You can’t really miss the font as you walk into the church in Bakewell. It has to be one of the best of its kind… certainly one of the finest we have seen from its era. While the church was founded in 960AD ,it was built mainly in the 12th and 13thC …with the usual, heavy renovations from the Victorians… but the font is slightly later, being a mere 700 years old. It is an unusual design, octagonal with carved figures on each of the faces. It stands in a small baptistry in the corner of the church and is still in use after all these years. there is something beautiful in that continuity. Regardless of how
badly vandalised heavily renovated these old churches may be, many of them still have their original font to baptise those new to their faith.
We, of course, have seen it before, but our companions had not. This was their first visit. Even so, by taking time to point out some of the features we knew well… like the late wall paintings, the collection of Saxon and early Norman stones in the alcoves… the rather special window depicting Saints George and Hubert… we still managed to see things we had previously missed.
We always seem to start at the back of the churches we visit and work our way around. Saving the obvious highlights of choir and chancel, perhaps… but mainly because the things that interest us most are often tucked away in odd corners. Beneath the Hubert window is a little chapel area for quiet prayer.
The candles are always burning here and orthodox, gilded icons sit side by side with modern embroidery and a little statuette of the Mother and Child which is so reminiscent of Isis and Horus. This too is a continuity of worship and I have to wonder if this is not one of the oldest manifestations of mankind’s collective consciousness of some form of dvinity and wonder.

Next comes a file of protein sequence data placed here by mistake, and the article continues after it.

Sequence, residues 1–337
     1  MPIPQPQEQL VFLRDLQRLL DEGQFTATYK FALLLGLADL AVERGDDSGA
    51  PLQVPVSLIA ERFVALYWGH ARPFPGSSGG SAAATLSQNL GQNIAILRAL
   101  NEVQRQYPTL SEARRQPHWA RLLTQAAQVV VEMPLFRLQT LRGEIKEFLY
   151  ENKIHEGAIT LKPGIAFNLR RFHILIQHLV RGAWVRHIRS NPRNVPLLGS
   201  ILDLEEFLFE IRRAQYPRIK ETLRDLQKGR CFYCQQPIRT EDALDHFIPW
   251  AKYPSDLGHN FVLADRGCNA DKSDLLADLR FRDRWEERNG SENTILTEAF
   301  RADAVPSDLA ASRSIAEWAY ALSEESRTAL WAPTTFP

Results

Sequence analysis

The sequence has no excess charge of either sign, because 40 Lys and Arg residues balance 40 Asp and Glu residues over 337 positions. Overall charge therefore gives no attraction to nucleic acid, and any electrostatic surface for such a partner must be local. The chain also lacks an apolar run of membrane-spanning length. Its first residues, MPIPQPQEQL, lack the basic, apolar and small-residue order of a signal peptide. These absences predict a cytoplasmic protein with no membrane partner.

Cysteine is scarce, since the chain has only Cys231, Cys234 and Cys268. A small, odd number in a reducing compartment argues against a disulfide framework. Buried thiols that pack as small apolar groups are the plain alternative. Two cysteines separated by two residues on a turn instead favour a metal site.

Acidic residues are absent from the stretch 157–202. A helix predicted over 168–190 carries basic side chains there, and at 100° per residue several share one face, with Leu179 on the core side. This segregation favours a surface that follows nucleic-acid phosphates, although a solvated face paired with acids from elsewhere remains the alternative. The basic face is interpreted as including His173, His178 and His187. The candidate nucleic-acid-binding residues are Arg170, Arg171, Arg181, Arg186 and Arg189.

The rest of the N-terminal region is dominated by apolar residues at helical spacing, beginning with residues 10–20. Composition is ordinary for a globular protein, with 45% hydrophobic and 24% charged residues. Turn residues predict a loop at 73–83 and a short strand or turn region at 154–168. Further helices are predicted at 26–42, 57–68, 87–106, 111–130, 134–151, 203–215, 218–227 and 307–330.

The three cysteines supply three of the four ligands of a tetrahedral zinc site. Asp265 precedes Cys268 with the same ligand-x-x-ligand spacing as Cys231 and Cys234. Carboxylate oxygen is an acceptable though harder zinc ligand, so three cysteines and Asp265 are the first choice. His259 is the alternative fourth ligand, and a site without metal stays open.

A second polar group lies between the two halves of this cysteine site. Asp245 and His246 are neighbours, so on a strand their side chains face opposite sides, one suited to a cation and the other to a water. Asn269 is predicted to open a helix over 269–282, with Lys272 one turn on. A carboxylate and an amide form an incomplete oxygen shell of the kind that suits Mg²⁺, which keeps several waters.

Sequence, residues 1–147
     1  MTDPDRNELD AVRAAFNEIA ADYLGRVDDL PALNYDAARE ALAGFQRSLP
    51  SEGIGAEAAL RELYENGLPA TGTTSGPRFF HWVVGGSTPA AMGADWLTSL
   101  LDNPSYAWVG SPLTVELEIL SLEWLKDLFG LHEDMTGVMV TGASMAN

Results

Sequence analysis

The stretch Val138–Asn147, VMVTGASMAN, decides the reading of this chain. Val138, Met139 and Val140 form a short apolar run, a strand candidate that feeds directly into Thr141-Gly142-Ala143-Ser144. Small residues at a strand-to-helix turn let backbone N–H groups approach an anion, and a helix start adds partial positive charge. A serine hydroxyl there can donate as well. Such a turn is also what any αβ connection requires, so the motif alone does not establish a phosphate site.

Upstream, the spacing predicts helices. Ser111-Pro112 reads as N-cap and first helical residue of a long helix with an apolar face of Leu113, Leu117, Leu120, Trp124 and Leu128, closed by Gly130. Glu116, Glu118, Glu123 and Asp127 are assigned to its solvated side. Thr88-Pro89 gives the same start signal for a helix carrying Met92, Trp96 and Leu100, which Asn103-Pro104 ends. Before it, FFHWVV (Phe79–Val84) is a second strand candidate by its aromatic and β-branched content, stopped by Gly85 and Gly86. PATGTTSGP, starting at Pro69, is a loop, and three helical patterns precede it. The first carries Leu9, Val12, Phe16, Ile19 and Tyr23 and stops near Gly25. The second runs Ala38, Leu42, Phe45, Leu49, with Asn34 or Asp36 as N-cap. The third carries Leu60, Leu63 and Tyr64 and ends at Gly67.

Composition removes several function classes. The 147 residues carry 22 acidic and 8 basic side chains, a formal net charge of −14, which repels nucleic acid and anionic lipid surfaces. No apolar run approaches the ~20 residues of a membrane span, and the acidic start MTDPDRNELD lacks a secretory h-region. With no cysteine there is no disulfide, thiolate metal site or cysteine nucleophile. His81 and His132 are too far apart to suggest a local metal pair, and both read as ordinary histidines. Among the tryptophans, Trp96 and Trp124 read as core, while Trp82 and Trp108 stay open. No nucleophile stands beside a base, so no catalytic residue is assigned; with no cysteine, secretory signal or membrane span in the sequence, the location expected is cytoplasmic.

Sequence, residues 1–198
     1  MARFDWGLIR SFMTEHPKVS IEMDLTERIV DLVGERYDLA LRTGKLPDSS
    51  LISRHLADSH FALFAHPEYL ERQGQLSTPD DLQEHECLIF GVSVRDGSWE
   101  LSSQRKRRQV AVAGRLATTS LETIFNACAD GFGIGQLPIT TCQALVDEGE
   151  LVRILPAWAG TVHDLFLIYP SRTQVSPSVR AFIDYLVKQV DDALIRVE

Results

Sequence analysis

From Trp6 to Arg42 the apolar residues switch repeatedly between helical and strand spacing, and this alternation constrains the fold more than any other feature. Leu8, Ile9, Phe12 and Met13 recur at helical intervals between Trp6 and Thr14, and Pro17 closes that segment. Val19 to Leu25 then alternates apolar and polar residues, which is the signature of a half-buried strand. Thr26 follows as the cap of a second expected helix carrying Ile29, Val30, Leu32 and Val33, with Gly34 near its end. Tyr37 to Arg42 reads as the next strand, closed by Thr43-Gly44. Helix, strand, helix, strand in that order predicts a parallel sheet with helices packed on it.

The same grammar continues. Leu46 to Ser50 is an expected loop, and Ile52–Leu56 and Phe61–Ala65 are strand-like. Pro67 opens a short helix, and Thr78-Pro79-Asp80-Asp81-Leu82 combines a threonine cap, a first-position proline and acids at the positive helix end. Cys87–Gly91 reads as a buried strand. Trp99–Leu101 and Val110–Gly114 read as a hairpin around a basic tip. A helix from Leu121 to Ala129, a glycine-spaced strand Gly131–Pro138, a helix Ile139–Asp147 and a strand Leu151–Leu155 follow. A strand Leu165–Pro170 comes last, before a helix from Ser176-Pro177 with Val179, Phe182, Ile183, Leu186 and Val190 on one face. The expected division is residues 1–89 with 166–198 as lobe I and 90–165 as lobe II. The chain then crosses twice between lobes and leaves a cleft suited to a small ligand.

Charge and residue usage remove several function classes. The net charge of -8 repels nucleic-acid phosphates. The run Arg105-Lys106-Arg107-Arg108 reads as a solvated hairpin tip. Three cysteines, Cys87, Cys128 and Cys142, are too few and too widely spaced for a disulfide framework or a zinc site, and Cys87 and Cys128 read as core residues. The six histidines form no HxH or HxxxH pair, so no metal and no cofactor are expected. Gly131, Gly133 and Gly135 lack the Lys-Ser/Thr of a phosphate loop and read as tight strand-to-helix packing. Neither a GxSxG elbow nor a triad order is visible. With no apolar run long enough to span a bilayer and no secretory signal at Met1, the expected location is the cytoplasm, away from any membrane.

These old stones have been a vessel of prayer for so many centuries; before the stones there would have been a timber church… before that, perhaps a site sacred since long before the birth of Jesus. Inside, the place is calm, accepting its own evolution as times, worship and fashions change. It has seen whole congregations born and baptised, wedded and buried. None of those outer and material changes affect what is held here in serenity. The sanctity of this space is palpable, whether or not one subscribes to its particular religious expression.
We saw a good many things we had not noticed before, from the inscription from Revelation at the base of the window by Henry Holiday, to the fox and bird-like masks carved on the feet of the pulpit, reminiscent of the Norman beaked carvings we have so often seen elsewhere. The pulpit itself is relatively modern, but perfectly in keeping with the history of the place, carved with symbols and geometries taken from the ancient stones in the porch.
I was determined, however, that this time I would get a really good look at some of the wood carvings in the choir… and if the light was good, I might even get some decent photographs… So we passed bethind the central altar and headed in search of demons and dragons…